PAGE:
What is Thermal Spray?
Thermal spraying is an industrial coating process that consists of a heat source (flame or other) and a coating material in a powder or wire form which is literally melted into tiny droplets and sprayed onto surfaces at high velocity. This “spray welding” process is known by many names including Plasma Spray, HVOF, Arc Spray, Flame Spray, and Metalizing.
Thermal sprayed coatings are typically applied to metal substrates, but can also be applied to some plastic substrates. Thermal sprayed coatings uniquely enhance and improve the performance of the component.
Thermal Spray is versatile and is an effective
Thermal sprayed coatings can be an effective alternative to several surface treatments including: nickel and chrome plating, nitride or heat treat processes, anodizing, and weld overlay. They are typically thicker than plating, in the range of .002”-.025” thick depending on the coating material.
Thermal sprayed coatings offer more versatility
Versatility in SUBSTRATE choice:
- Substrates can be most metals including: aluminum, steel, stainless steel, copper and bronze
- Some plastics
Versatility in COATING material choice:
- tungsten carbides
- stainless steels
- ceramics, (chrome oxide, aluminum oxide, zirconia, titania)
- nickel- chrome carbides
- pure metals (aluminum, zinc, copper)
This broad choice of materials give you design flexibility to solve specific performance problems.
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|4 Main THERMAL SPRAY Processes
- Electric Arc Spray (twin wire electric arc)
- Flame Spray (Oxy-acetylene)
- Plasma Spray (APS)
- HVOF (High Velocity Oxy-Fuel)
Electric wire arc thermal spraying
utilizes the same principles employed in wire arc welding systems. The coating
material, in wire form, is electrically charged, and then contacted creating an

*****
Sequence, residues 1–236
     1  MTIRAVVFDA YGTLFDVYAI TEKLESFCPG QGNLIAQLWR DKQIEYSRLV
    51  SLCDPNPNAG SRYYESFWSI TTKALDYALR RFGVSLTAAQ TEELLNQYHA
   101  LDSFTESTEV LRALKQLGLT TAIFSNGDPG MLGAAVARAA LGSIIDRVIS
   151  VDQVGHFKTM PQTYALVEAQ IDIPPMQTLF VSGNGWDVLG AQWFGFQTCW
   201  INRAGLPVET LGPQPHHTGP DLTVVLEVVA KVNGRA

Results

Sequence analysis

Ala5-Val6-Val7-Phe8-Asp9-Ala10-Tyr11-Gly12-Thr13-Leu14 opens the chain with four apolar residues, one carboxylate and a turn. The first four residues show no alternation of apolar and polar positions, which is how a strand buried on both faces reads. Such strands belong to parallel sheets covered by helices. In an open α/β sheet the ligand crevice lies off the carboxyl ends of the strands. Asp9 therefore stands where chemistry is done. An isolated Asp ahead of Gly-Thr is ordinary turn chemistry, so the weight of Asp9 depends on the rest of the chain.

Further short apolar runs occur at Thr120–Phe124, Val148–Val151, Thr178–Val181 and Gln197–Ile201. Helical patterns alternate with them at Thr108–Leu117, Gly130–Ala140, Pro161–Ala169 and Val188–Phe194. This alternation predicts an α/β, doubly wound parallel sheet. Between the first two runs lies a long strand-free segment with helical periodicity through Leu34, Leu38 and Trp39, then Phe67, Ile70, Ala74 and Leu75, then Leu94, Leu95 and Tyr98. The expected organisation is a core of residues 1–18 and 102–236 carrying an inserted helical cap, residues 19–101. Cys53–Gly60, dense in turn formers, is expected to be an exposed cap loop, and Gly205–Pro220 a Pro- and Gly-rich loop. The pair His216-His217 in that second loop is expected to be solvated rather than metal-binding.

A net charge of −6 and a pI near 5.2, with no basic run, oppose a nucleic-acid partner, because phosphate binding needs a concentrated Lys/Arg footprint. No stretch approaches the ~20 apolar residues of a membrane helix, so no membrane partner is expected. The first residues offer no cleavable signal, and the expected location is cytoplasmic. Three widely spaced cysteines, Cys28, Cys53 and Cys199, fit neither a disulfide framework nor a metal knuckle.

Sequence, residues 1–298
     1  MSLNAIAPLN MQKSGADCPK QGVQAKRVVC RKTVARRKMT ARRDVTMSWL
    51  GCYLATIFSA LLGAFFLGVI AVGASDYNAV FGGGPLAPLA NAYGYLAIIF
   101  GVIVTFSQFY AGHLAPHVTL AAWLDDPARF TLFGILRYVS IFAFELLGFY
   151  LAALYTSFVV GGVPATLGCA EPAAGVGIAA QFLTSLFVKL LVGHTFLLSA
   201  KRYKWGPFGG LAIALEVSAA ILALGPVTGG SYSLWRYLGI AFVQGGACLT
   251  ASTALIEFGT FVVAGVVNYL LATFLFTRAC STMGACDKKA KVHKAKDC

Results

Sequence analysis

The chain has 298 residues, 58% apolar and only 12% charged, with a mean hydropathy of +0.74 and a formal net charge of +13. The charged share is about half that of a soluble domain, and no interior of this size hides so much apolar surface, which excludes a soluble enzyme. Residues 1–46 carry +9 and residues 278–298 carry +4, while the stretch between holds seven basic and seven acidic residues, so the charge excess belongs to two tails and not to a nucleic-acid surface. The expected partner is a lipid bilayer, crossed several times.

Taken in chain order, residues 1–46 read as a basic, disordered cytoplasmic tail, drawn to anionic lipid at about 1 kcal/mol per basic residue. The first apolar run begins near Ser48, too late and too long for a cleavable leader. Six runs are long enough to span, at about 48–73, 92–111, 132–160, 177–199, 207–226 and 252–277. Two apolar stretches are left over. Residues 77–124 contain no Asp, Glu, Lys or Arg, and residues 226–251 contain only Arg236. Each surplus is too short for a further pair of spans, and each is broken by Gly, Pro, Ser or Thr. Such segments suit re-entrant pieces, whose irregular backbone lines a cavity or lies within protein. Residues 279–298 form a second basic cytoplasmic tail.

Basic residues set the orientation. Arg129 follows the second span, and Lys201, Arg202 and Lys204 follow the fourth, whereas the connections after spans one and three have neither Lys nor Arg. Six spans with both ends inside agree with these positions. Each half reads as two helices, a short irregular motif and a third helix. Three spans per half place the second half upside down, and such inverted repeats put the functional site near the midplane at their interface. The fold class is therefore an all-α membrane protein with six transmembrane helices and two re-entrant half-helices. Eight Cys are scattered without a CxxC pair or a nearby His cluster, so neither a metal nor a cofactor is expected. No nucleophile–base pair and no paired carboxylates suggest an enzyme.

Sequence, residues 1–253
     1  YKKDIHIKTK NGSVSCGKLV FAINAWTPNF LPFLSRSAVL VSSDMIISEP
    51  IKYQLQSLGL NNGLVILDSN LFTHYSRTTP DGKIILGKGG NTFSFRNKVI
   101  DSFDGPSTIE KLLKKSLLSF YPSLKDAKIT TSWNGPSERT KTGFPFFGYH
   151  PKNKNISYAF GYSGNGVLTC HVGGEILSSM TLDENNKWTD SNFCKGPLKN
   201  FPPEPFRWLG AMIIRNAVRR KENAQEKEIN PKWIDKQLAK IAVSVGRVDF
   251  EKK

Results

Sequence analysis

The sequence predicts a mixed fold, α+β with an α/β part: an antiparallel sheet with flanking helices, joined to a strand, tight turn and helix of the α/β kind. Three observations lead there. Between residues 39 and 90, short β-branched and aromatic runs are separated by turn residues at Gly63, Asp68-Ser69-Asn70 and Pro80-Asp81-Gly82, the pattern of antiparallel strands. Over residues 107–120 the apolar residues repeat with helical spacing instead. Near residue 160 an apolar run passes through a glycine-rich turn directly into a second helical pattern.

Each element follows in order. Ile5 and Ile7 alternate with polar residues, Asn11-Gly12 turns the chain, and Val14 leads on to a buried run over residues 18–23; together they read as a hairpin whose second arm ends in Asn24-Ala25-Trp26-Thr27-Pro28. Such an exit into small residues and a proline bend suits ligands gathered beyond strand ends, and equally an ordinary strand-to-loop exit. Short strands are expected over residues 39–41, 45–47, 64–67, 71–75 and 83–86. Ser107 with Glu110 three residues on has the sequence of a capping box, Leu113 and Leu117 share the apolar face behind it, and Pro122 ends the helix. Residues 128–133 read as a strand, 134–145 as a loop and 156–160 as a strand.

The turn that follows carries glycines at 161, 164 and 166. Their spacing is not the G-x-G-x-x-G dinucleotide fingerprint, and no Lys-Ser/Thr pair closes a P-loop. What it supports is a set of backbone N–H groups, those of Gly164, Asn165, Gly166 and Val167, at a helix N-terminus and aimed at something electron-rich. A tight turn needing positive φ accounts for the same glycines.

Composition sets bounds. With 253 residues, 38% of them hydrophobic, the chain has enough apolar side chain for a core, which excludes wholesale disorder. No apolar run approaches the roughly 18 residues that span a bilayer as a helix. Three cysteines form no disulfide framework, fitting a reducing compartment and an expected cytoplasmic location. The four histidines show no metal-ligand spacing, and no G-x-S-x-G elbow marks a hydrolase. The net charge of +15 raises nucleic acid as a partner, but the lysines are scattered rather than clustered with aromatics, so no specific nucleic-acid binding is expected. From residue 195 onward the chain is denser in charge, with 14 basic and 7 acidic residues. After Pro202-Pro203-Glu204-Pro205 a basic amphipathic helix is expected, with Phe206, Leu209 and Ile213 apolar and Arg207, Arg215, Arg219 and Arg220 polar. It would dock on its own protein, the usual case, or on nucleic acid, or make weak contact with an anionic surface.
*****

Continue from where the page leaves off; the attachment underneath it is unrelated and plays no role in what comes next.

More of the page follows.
arc. The molten droplets of metal wire are then sprayed onto the substrate
using a high velocity air stream to atomize and propel the material.
Arc spray coatings are very cost
effective and are typically used to apply metals like pure aluminum, zinc,
copper, and metal alloys such as stainless steel. Arc spray also allows
adjustments to achieve varied coating texture (200 micro inches – 800 micro
Flame spray, also known as oxy/acetylene
combustion spray is the original thermal spray technique developed about
100 years ago. It uses the basic principles of a welding torch with the
addition of a high velocity air stream to propel molten particles onto
the substrate. The coating material can be either a wire or powder form.
Often flame spray coatings are fused after being applied to enhance
bond strengths and coating density.
The plasma spray process
(non-transferred arc), uses inert gases fed past an electrode inducing the
"plasma" state of the gases. When the gases exit the nozzle of the
gun apparatus and return to their normal state, a tremendous amount of heat is
released. A powdered coating material is injected into the plasma
"flame" and propelled onto the substrate.
Ceramic Coatings are most often
applied using plasma spray due to their high melting temperatures. (Often >
3500 F). Several types of ceramic coatings can be applied using plasma spray.
CERAMIC COATINGS - Click
here to learn more.
Ceramic coatings include Chrome Oxide, Aluminum Oxide, Titanium Oxide, and
View case examples using the plasma spray process.
The HVOF (High Velocity Oxy-Fuel) process
combusts oxygen and one of select group of ignitable gases including: propane,
propylene, or hydrogen. Although the HVOF system uses the basic principle of
combustion, the spray gun is designed differently than the standard oxy-fuel
spray gun. The HVOF gun differences produce higher flame temperatures and
higher velocities. The result is more thoroughly melted powder and more kinetic
energy available to "flatten" the molten particles of coating
material. The HVOF process produces superior bond strength and coating density.
The HVOF process is most often used
to apply high melting temperature metals and metal alloys such as: tungsten
carbide, Inconle®, chrome carbide, Stellite®, and Tribaloy®.
CARBIDE COATINGS - Click here to learn more.
Carbide coatings include various Tungsten Carbide and Chrome Carbide materials.
View case examples using the HVOF process.